In this post, I talked about going to the ANWA Writers' Conference last year. It was absolutely fantastic. So, I jumped at the chance of attending their local one-day writing workshop. There were two tracks to choose from. I picked the one about perfecting the writing craft rather than self-publishing track.
The first half of the day was a presentation and discussion with Janette Rallison about the basics of writing, including plot and characterization. I did find most of the discussion quite basic, which is great for those starting out, but I’ll admit that I was hoping for a little more in-depth discussion. Even so, it’s always good to get back to the basics and make sure your foundation of knowledge is strong and stable.
I’ll be honest; if it wasn’t for the second portion of the day - workshopping our own work - I probably would’ve spent my Saturday at home. I would have left politely. After all, I teach all this to my students.
However, I was pleased that Rallison gave each of us a copy of one of her books - My Fair Godmother - asking that we read it and review it on Amazon. I can't say no to a free book, and I look forward to reading her writing to see what I can learn from it.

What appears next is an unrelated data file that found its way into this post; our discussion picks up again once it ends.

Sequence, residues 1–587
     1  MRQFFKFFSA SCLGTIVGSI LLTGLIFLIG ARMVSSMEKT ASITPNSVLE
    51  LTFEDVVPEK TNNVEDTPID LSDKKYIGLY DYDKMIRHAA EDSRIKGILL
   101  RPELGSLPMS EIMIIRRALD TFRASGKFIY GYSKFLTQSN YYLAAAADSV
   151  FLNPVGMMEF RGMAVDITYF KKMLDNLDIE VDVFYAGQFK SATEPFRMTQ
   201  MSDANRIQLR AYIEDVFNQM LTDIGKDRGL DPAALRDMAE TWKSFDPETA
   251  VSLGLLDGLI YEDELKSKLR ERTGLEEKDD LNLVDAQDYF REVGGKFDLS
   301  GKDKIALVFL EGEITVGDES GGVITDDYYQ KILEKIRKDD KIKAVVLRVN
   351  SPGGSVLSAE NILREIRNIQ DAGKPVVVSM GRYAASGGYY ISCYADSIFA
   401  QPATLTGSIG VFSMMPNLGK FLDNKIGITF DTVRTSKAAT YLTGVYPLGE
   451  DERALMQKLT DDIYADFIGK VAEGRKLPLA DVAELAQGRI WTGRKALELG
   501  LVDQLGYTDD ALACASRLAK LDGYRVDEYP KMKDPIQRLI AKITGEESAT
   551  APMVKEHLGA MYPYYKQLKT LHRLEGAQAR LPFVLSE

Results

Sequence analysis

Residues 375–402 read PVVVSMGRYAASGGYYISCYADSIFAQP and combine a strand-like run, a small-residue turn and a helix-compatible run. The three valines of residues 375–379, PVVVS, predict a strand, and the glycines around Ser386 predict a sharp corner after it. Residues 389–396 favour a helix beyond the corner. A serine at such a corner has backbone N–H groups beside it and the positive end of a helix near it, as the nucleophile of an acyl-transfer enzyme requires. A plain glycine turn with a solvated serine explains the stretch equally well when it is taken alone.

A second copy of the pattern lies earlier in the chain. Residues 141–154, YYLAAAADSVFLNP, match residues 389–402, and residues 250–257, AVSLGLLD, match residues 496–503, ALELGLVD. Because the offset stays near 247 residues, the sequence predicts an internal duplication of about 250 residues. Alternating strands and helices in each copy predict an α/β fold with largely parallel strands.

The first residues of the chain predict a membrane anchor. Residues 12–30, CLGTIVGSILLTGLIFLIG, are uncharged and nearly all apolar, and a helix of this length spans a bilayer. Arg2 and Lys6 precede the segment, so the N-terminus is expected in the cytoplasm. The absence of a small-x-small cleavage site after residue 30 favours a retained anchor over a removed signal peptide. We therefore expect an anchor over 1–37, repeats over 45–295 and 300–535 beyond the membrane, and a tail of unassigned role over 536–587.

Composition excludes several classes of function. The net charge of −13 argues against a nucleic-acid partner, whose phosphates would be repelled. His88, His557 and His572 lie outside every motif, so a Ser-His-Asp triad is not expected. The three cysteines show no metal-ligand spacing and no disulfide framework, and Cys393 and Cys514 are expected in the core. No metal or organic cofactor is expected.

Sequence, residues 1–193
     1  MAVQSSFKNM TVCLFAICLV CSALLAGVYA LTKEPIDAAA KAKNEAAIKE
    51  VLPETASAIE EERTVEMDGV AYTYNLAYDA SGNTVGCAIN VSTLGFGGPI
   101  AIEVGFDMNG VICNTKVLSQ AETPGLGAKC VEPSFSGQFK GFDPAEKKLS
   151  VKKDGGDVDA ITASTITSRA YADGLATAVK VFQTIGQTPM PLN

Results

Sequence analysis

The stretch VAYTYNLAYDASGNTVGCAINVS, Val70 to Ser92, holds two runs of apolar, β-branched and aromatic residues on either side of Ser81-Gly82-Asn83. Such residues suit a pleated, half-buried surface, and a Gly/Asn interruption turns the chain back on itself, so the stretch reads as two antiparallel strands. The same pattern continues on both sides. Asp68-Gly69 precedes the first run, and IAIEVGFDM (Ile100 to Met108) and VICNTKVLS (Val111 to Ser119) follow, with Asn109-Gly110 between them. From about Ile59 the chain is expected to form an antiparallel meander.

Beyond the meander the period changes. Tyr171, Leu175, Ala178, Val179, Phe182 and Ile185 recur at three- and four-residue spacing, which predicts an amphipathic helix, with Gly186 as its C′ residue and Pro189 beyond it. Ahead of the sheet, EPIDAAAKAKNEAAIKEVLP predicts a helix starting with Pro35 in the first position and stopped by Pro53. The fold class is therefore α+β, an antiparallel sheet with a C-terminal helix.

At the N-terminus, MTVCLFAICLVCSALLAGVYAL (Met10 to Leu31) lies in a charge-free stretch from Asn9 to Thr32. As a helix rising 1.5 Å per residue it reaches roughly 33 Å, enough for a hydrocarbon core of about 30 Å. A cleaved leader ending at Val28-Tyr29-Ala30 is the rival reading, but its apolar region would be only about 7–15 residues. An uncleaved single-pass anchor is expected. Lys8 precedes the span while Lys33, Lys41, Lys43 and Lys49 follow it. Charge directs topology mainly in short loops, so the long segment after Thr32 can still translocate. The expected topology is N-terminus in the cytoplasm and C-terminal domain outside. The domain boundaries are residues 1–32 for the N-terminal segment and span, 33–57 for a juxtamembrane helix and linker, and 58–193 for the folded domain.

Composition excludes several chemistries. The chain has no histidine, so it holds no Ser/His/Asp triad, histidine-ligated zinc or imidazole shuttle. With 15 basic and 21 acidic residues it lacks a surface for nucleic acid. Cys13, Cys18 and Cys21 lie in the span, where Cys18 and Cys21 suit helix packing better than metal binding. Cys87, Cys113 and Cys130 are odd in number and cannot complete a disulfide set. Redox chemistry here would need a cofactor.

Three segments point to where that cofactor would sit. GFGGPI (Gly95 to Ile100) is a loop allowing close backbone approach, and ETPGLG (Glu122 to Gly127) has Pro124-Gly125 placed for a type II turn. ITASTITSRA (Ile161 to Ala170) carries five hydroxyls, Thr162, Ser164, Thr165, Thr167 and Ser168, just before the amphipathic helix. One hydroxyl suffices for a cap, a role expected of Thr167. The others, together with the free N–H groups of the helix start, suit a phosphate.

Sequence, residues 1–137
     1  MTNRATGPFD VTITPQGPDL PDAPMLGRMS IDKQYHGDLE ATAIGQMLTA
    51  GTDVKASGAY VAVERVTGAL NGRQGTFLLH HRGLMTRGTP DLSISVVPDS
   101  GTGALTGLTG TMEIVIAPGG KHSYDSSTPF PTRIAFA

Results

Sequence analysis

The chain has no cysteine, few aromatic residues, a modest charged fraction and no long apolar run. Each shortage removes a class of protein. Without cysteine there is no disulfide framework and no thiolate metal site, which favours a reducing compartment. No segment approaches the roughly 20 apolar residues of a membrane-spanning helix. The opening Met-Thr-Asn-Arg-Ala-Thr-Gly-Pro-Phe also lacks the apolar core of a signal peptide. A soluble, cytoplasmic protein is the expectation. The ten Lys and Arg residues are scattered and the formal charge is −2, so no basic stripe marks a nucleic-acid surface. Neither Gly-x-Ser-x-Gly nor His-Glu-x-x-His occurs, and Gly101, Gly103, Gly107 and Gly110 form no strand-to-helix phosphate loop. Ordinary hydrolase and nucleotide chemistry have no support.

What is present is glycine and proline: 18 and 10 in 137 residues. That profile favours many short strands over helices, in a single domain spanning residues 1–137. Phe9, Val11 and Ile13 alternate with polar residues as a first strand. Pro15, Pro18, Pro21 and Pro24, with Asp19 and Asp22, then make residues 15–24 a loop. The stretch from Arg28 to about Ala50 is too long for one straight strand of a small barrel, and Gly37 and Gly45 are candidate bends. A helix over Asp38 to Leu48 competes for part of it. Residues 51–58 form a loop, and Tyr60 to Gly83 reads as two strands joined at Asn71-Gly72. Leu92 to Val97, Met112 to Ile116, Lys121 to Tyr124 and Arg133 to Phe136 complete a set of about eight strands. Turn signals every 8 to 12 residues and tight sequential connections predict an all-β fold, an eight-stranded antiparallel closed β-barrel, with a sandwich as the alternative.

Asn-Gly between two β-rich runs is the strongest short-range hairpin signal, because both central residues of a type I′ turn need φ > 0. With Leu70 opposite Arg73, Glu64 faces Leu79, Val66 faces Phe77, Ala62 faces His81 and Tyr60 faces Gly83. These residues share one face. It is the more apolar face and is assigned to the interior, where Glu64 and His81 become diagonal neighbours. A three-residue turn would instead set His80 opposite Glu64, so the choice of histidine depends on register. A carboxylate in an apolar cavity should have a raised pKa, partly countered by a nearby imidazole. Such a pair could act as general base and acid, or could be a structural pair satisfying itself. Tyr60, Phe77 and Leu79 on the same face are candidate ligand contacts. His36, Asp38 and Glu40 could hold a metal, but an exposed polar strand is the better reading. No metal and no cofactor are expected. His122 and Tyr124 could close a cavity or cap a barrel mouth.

Want to read her book yourself? You can find it here:
I enjoyed the second half of the workshop more than the first. To sum it up in one word - humbling.
Everyone on track two brought the first six pages of their book, and then it was workshopped. I received a lot of great feedback, feedback that I should've already known. I find that it's so much easier to see faults in the works of others, and it is harder to see it in your own. But after the flaws are pointed out, they're glaringly obvious.
Janette Rallison was in the critique, too, and I was honored to get feedback from a published - and successful! - author.
Now I know what to work on, and that will carry through the rest of the book.
So, the big question is: would I go again next year?
The three hours of workshopping was well worth the $50 I paid. The free book was icing on the cake. And, after all, who doesn't love cake and icing?
I'm an adjunct creative writing professor and freelance writer, but I dream of being a published novelist. This is my journey.